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NKorea fires short-range missiles: Yonhap

"North Korea appears to have fired KN-02 or Styx missiles into the international sea from North Korean waters."
by Staff Writers
Seoul (AFP) Oct 8, 2008
North Korea has fired two short-range missiles into international waters in the Yellow Sea as part of a routine military drill, South Korea's Yonhap news agency said early Wednesday, quoting a defence source.

The missile launch in waters adjoining China comes amid intense efforts to save a nuclear disarmament agreement which is in danger of collapsing because of a dispute over verification of the North's declared nuclear programme.

"We understand that North Korea fired about two missiles in the Yellow Sea in the afternoon of the seventh (of October)," the unnamed source was quoted by Yonhap as saying.

"It seems that the missiles were fired as part of their routine drill."

Yonhap said it was the first missile launch by the North since March.

"North Korea had designated an off-limit zone for vessels in the Yellow Sea before it fired missiles," the source said.

"North Korea appears to have fired KN-02 or Styx missiles into the international sea from North Korean waters."

The drill follows reports last week that the North has been upgrading a missile launch site on its east coast in preparation to test a new long-range missile.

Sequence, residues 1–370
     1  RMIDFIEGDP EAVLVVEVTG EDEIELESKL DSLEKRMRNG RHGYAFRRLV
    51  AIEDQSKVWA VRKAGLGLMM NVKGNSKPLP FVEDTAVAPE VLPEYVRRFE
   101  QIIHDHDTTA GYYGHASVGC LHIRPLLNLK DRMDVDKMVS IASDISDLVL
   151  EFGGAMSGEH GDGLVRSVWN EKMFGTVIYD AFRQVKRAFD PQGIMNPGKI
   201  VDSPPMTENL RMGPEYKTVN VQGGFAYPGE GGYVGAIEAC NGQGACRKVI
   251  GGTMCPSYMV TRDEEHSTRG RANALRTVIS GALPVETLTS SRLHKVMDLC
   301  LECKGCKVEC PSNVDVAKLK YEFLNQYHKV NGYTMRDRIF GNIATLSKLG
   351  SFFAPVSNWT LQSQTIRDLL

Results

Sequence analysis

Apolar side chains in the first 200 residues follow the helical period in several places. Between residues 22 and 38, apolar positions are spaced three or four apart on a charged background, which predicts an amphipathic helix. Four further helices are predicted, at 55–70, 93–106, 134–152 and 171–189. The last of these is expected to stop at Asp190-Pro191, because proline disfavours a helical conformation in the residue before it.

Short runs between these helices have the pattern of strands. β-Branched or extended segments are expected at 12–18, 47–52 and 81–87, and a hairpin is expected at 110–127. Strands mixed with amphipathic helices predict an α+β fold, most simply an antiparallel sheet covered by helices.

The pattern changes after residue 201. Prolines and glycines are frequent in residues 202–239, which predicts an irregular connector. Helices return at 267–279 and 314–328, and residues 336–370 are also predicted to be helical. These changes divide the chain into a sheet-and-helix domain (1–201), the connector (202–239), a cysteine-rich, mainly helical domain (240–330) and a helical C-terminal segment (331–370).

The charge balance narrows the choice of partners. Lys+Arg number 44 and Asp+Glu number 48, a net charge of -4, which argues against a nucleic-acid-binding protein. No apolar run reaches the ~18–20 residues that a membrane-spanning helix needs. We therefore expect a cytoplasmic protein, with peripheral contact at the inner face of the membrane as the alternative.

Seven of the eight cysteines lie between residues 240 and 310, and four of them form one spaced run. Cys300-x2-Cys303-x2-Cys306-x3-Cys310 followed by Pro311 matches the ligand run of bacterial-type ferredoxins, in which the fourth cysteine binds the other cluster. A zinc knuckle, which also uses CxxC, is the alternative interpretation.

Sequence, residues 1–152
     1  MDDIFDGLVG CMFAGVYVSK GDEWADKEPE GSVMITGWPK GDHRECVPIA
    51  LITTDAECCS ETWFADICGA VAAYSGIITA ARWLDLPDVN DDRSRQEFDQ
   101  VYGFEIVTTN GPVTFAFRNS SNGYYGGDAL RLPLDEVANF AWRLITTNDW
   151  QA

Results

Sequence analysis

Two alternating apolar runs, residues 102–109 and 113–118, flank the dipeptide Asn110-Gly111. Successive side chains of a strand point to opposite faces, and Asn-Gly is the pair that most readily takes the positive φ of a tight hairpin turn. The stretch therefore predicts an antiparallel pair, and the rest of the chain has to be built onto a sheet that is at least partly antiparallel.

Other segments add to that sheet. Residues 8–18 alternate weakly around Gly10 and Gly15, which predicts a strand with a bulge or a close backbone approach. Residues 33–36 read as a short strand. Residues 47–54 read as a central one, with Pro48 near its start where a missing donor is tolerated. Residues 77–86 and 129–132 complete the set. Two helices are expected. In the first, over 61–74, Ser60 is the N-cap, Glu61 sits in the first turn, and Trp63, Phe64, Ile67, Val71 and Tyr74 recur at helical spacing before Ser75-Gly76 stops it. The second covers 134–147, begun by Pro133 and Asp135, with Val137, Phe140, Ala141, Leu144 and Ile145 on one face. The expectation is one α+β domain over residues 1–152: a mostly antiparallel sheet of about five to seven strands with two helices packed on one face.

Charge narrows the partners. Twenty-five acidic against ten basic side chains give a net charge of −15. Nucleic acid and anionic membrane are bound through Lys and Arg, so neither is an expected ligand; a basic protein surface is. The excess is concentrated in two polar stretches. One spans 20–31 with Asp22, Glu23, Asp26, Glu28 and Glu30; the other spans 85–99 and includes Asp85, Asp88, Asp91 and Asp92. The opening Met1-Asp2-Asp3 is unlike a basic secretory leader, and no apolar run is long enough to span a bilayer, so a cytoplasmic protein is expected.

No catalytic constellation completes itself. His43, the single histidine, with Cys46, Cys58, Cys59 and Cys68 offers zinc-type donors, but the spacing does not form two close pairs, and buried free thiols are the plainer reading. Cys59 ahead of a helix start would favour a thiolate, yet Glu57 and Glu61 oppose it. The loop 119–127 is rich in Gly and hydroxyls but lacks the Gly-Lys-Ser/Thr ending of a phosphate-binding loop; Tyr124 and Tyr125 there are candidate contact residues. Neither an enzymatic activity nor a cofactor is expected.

The North alarmed its neighbours by test-launching a Taepodong-1 from the Musudan-ri launch site on the east coast in 1998 over Japan. It test-launched a Taepodong-2 from the same site in 2006 but the missile failed.

The latest missile launch comes after chief US nuclear negotiator Christopher Hill visited Pyongyang last week to try to rescue the six-nation disarmament deal.

North Korea is bridling at a US-inspired verification plan which reportedly calls for the secretive communist state to give access to undeclared suspected nuclear facilities and to let inspectors take samples of material.

Pyongyang accepted the aid-for-disarmament deal in February 2007, just four months after staging a nuclear weapons test.

It shut down its Yongbyon nuclear complex in July last year and began disabling it in November. And in June it handed over a declaration of nuclear activities to China.

But now the North is angry that the US failed to respond by removing it from a terrorism blacklist, as required under the accord. It says it will soon begin work to restart a plutonium reprocessing plant.

Before delisting occurs, the US demands that the North agree on inspection procedures to ensure it is telling the truth in its declaration.

The North says verification is not part of this stage of the agreement, and accuses Washington of seeking Iraq-style "house searches" for atomic material.

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